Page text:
MUST EMPLOYERS APPLY FOR CORONA ASSISTANCE IN ORDER TO AVOID RETRENCHMENT?

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  • #11635
    Ivan Israelstam
    Keymaster

    MUST EMPLOYERS APPLY FOR CORONA DISASTER ASSISTANCE AS A MEANS OF AVOIDING RETRENCHMENT?
    In a company with 9 employees the owners notify the employees that, due to Corona, the company might have to liquidate and retrench all employees. The owners propose a 3-month layoff of all staff as an alternative to retrenchment. The staff respond that they will accept the layoff on condition that the employer applies on their behalf for the Temporary Employee Relief Scheme benefits offered by UIF for workers losing pay due to Corona. The owners reply that they do not have the resources to make these applications and that the law allows employees to claim themselves. The employees reject this response, are unable to propose other alternatives to retrenchment and are therefore dismissed for operational reasons. Is this an unfair retrenchment?

    #11646
    Michael Bagraim
    Keymaster

    Employers do not have to apply for the disaster assistance which does not necessarily help them as a means of avoiding retrenchment. The company itself, with the nine employees may embark upon the Section 189 process and, as an alternative, they can suggest the three-month layoff. The staff are probably correct to request that the company applies for the temporary employee relief scheme. The company does not require any resources to make these applications and, in fact, the Department of Employment and Labour has asked for the company to apply rather than the employees. One does not understand the reasoning given by the company, but in fact the employees could, as a last resort, apply by themselves.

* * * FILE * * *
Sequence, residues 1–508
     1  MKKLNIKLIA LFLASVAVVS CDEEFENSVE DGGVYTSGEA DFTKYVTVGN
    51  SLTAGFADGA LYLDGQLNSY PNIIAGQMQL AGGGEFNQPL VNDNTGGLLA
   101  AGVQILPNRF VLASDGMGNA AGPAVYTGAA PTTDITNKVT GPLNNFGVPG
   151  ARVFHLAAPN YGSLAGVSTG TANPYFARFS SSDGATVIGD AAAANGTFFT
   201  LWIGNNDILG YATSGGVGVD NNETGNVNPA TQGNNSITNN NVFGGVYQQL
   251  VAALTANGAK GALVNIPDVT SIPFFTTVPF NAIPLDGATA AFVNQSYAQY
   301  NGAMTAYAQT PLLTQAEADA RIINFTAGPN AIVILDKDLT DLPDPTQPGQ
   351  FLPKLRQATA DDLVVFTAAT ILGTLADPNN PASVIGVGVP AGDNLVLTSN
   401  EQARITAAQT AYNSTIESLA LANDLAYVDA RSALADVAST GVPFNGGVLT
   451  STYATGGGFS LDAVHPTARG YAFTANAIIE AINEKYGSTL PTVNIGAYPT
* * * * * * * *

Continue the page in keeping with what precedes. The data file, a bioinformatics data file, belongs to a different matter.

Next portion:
One of the real issues is that we are not sure if the Department is going to be functional in paying out these funds and, over and above this, they have the right to reject the application at any stage.

    There is a rather convoluted agreement that every company is expected to sign as part of the application. This agreement is badly written and is almost impossible to decipher. It could be interpreted to mean a whole lot of things including that, if an employer applies for relief, it cannot go ahead with the retrenchment. If this is fact the meaning of the agreement it would tie the hands of every company in terms of being able to retrench if they believe the situation is so bleak that there won’t be jobs in the future.
    Michael Bagraim

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